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Multiparameter System for Monitoring Cell Health

Cell-Based Biosensors

Cell based biosensors are analytical measurement devices which use mammalian cells as the sensing element. The response of the cells provides an understanding of the effects of the analyte at a physiological level. Electric Cell-substrate Impedance Sensing provides an emerging powerful method to perform real time cell monitoring without the use of radioactive tracers, or biological markers. 

Example of cells growing on interdigitated electrodes
Example of cells growing on interdigitated electrodes

It has long been acknowledged that the phospholipid bilayer of the plasma membrane possesses dielectric properties. Culturing cells over electrode contacts and measuring changes in the effective electrode impedance offers a non-invasive assay to determine the adhesion, spreading, and motility of a cultured cell line. Impedance measurements are centered on the fact that whole live cells, at low signal frequencies, are excellent electrical insulators. Cell growth and migration leading to increased coverage of an electrode surface result in increased electrode impedance.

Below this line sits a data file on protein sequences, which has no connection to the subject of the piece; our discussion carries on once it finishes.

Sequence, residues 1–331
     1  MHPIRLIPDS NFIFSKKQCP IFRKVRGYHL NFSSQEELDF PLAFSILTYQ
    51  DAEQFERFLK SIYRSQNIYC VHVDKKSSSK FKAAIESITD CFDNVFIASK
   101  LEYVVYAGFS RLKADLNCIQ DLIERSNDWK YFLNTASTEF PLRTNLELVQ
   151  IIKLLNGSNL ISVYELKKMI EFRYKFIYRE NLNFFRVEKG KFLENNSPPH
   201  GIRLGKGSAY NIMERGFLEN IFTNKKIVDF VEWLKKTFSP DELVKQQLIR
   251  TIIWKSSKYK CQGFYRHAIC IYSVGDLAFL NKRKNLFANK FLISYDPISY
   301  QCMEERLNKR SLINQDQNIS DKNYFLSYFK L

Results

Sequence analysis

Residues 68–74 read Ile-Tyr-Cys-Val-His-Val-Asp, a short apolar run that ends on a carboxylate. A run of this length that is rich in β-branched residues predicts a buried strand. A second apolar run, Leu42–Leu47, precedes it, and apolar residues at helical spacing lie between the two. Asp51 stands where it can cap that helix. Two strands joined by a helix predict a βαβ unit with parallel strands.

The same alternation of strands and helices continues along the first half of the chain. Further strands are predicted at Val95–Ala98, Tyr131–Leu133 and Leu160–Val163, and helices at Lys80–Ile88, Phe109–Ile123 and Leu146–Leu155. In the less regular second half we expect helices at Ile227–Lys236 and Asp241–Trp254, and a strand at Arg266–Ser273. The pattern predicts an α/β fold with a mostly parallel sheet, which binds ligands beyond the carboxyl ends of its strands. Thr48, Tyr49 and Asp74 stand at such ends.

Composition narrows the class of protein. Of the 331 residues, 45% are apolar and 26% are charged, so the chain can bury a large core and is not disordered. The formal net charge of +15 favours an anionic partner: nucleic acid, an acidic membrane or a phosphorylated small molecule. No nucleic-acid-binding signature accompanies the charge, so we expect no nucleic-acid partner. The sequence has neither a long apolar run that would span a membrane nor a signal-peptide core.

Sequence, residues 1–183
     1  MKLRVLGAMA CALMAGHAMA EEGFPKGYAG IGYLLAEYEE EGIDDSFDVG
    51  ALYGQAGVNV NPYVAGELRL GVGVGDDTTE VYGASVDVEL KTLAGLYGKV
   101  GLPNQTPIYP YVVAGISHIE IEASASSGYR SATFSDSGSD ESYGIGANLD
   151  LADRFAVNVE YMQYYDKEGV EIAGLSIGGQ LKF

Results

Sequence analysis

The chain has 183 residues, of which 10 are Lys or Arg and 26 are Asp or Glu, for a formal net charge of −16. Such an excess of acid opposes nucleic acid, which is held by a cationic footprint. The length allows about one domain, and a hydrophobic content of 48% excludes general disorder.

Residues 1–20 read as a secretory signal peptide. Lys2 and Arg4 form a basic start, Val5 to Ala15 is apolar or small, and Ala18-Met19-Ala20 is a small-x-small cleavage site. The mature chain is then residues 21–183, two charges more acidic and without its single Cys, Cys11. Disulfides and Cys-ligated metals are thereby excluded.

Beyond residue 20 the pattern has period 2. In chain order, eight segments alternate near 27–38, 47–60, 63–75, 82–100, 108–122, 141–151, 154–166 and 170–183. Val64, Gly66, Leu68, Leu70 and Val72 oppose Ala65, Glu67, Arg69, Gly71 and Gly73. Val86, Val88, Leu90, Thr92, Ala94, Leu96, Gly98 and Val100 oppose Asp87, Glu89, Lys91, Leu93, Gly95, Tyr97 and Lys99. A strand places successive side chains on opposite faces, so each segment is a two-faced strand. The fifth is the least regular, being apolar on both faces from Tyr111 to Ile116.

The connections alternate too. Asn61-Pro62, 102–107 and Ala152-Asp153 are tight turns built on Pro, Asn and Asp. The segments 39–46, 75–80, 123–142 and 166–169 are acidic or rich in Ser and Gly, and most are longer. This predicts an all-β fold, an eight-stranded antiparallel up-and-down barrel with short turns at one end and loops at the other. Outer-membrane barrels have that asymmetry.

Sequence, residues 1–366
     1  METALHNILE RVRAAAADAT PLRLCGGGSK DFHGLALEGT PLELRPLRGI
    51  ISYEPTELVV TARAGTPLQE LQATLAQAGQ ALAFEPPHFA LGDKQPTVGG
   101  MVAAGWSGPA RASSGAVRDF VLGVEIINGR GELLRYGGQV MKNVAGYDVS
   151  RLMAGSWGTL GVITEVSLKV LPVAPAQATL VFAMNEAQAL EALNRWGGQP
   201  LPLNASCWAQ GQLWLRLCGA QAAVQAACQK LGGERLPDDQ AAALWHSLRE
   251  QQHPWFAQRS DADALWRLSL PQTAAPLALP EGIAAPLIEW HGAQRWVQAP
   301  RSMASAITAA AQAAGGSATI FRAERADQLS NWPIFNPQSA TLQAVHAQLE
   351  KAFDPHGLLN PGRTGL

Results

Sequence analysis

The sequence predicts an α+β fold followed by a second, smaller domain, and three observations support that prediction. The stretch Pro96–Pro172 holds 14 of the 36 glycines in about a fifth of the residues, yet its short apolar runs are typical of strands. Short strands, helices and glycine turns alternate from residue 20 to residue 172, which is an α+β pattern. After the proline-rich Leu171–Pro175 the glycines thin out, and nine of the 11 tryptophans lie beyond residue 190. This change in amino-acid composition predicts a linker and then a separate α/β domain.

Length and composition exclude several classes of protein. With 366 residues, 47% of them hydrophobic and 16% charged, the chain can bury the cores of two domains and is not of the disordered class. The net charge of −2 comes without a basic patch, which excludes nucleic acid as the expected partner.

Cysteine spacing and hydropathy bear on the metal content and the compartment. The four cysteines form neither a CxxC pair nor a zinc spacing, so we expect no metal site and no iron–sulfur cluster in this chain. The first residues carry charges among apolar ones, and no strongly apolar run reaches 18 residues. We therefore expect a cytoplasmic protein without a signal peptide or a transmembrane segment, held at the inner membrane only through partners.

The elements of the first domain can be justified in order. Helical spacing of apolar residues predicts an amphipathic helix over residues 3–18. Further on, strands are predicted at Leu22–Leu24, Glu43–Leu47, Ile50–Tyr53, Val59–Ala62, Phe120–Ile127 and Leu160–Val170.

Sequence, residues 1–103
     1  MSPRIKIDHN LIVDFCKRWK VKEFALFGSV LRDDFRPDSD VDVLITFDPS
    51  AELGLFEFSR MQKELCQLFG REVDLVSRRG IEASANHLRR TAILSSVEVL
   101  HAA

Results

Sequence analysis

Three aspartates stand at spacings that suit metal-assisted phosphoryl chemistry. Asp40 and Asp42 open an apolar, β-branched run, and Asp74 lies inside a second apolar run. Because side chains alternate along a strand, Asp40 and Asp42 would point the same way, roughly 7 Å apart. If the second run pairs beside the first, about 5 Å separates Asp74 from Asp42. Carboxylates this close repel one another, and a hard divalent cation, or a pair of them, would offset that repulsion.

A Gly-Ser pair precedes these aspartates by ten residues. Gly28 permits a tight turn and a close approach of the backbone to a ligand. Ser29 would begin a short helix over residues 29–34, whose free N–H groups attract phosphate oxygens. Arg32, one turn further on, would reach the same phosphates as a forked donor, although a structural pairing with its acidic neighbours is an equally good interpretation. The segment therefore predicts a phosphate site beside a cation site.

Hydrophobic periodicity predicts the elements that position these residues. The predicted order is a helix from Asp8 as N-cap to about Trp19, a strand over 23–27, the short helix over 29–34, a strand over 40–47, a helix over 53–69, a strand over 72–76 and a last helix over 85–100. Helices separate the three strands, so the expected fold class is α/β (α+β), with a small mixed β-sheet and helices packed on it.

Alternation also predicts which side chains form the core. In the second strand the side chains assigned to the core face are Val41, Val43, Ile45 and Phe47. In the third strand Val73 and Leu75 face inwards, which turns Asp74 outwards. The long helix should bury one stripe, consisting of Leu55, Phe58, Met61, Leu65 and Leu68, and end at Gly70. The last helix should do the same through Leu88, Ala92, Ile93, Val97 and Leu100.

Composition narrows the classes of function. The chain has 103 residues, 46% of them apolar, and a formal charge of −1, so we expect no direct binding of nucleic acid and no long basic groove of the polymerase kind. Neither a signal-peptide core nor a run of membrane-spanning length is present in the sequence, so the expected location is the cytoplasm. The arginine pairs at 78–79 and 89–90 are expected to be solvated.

Upon exposure to a substance which adversely affects their health, adherent cells will detach from the electrode surface.  A change in impedance value is therefore seen to be directly related to attachment and spreading of cells on the surface of the electrodes. These changes in impedance values can be used to explain cell behaviour and to test for new drug substances.

Example showing biocompatibility of cells growing on nanostructured electrochemical sensors
Example showing biocompatibility of cells growing on nanostructured electrochemical sensors

Monitoring cytotoxicity with high sensitivity, rapidly, in parallel with a multi-sensing function, at low cost and in the field, is of great interest in the fields of clinical diagnostics, environmental monitoring, food safety and security. This is important because there is a demand for a higher standard of validated in vitro cytotoxicity test assays and technologies based on the need for greater accuracy and reliability from both a regulatory and industrial perspective. There is an existing gap in the market between animal and validated in vitro assays due to new regulations for the testing and approval of chemicals.

There is also considerable demand from pharmaceutical, cosmetics and chemical companies for new more reliable validated in vitro test methods and technologies. Companies are also committed to introducing in vitro toxicity testing earlier in their discovery and development processes to contain costs and to reduce the attrition rates of pre-clinical and clinical testing due to toxicity concerns.

 

 

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